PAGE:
Friday, 28 March 2014

Eee, buy gum!

A long time ago, Star Wars was chewy, and I don’t mean the Wookiee…

Like many of my peers, George Lucas’s 1977 Space fantasy whipped up an all-encompassing mania for me.  I was probably just the right age to be completely absorbed by the mythology and magic of Star Wars, and my fanaticism was nothing short of an out-of-control firestorm.  Fortunately, a conflagration of this intensity couldn’t last, and burnt itself out after a couple of years - to the extent that I didn’t even bother to go and see the first sequel in 1980 (always from one extreme to the other, with me). Naturally, I’d missed the very best the Lucasverse had to offer, but that’s another story.
At the height of Star Wars mania in early 1978, a classmate gave me this at our school sports day, claiming he’d found it on the side of the road.
Two things struck me about this generous gift, the first being that this was obviously part of a greater collectable set, and secondly: as everyone knew I alone loved See-Threepio, the co-incidence of this card featuring nobody else’s favourite droid seemed fishy. The truth came out.  My young colleague had been secretly collecting the whole set in some kind of covert competitive exercise, but finally decided to let me in on the wonder that was Star Wars collectible bubblegum cards.

Topps bubblegum cards had been around for a very long time, the grayish-pink, reputably chewable tiles of gum packaged with cards mostly featuring American sporting stars.
But the previous year,  a set emblazoned with images and pre-production artwork from Dino De Laurentis’ King Kong had been all the rage (I might even have got the whole set of those), and with Star Wars now
changing the face of marketing forever, Topps wasn’t slow in gaining similar rights from 20th Century Fox.

Allen’s and Regina (“A&R Playtime Gum is fun!”) distributed the product in New Zealand.  Printed either here, or by their affiliate, Scanlens, in Australia - this might explain why there weren’t any ‘movie facts’ on the reverse despite the promise on the wrapper.
However, you could piece together a crude re-interpretation of the famous Hildebrandt poster artwork (used on the gum packaging in the US), and the much-used still of Chewbacca, Ben, Luke and Han gazing out of the Millennium Falcon cockpit (also featured on card 31), by turning the cards over and using them like a jigsaw puzzle.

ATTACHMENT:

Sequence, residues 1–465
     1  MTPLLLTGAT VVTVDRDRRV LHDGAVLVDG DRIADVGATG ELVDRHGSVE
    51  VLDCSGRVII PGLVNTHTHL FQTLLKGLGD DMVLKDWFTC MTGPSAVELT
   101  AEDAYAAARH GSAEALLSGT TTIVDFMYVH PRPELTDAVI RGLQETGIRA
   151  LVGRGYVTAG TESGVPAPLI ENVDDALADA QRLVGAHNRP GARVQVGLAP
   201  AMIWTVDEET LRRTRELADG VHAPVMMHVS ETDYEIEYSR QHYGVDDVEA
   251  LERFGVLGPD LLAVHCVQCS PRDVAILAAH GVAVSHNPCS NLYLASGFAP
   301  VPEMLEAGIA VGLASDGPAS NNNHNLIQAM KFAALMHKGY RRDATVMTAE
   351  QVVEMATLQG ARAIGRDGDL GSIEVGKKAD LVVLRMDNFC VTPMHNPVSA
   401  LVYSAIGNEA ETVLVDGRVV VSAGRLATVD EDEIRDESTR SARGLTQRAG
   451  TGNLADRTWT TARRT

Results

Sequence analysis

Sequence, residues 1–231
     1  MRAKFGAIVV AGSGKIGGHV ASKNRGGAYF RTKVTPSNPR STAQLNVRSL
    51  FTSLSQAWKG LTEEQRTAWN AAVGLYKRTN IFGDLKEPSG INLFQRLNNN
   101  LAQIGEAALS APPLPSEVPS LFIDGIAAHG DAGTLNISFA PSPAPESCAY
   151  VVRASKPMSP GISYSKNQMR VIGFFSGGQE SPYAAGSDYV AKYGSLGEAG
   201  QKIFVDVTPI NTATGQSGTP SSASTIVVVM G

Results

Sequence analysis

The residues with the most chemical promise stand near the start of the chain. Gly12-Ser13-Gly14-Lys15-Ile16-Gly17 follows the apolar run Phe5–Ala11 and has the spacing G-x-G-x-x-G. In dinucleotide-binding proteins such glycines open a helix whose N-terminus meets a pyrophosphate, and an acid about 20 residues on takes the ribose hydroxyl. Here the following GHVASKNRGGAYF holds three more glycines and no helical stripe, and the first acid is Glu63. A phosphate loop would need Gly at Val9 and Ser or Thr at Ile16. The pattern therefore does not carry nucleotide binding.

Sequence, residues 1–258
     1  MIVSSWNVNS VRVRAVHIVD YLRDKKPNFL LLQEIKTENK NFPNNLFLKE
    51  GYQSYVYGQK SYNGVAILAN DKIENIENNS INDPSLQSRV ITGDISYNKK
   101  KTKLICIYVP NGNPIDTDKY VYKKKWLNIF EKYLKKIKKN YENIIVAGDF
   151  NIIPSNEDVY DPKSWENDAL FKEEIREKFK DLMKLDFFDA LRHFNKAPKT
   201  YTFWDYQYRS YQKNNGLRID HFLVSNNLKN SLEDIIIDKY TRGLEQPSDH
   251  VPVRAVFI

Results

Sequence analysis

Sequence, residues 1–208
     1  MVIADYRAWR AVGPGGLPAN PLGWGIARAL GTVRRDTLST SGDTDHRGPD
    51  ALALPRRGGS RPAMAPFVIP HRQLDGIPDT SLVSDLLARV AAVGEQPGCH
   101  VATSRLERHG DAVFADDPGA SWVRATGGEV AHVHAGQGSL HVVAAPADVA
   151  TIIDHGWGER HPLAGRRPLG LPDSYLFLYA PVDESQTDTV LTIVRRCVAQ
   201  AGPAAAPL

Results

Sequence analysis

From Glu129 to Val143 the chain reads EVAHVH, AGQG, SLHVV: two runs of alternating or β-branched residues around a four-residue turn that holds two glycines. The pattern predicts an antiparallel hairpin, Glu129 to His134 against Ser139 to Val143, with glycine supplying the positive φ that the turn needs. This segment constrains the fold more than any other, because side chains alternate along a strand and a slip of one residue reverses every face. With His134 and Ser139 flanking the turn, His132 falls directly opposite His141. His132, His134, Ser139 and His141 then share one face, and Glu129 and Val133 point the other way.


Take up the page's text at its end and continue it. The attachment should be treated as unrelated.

There were 72 cards to collect; 1-66 based on the original blue-bordered American set, and then 67-72 (of which my Threepio ‘gift card’ belonged) were reprinted artwork from part of a set of stickers only available in the US.
These garishly out-lined ‘portrait’s actually turned out to be the only kind you would get from a particular Dairy. Somehow they had been sent an entire consignment of packs containing numbers 67-72 only, and the blameless proprietors lost our custom as soon as the discovery was made.

But mainly we were all happily experiencing the thrill of tearing open the yellow paper wrapping (which surprisingly featured Threepio – maybe because he was gold, and Artoo-Detoo already had his own ice-block with collectible stickers) to see what card was stuck to the elastic, fleshy-coloured wafer within.

Another friend showed me how an empty cassette case with the interior spindles broken off made the perfect container for these cards, and our collections (and jaw muscles) grew throughout the late summer.
Ultimately, I think my natural frugality was my undoing here.  If I’d spent a tiny bit more money, I might have got the full set.  Friends moving on to other things tended to give their cards to me, so I stood a very good chance – one even gave me the box which the packs came in (empty, though probably worth something today if I’d kept it!)
But suddenly, they just weren’t available anymore.  Star Wars bubblegum disappeared from dairy shelves seemingly overnight I was left stranded with a tantalising six cards left to collect.

I realise now that I could have written to Allen’s and Regina and they’d probably have completed my set, although it didn’t matter; it had all been fun while it lasted. 
But to this day, I still have no idea how to blow a bubble with gum.

(With thanks to the NZSW site)

Tuesday, 25 March 2014

Uneasy Rider

I want to ride my bicycle,
I want to ride my bike,
I want to ride my bicycle,
I want to ride it where I like…
Freddie Mercury

 Much has been made recently of cycling being the new golf for middle-aged men.  Instead of trundling around golf courses; whisking across the tar-sealed sections of the country in ill-advised lycra ensembles and silly hats is de rigeur.
The annual ‘around Taupo’ event is now apparently threatening to re-awaken the dormant crater with seismic vibrations caused by the sheer number of day-glo participants.

I’m not mocking, well, maybe a little.  I applaud anyone who gets out and exercises, and enjoys this magnificent country by burning calories instead of fossil fuels.  But I have to say that grimly pedalling around Taupo with squillions of other people, eyes fixed only on the road ahead and below until it’s all over sounds like hell to me.
Perhaps it’s my intrinsic anti-social nature, but I enjoy cycling as a mainly solitary activity.  No start line, no semi-Asperger’s cycle enthusiasts dispensing unsolicited advice or braying about the manful size of their time and distance – just me and the unfurling landscape - and often my i-pod.  A talking book can distract me from the pain of a seemingly-endless incline.

I haven’t been blessed with strong legs, or particularly strong anything (I’m ‘the stick who walks’, remember), but a metabolism which appears to be permanently jammed on ‘nippy’ seems to give me a certain natural baseline of fitness.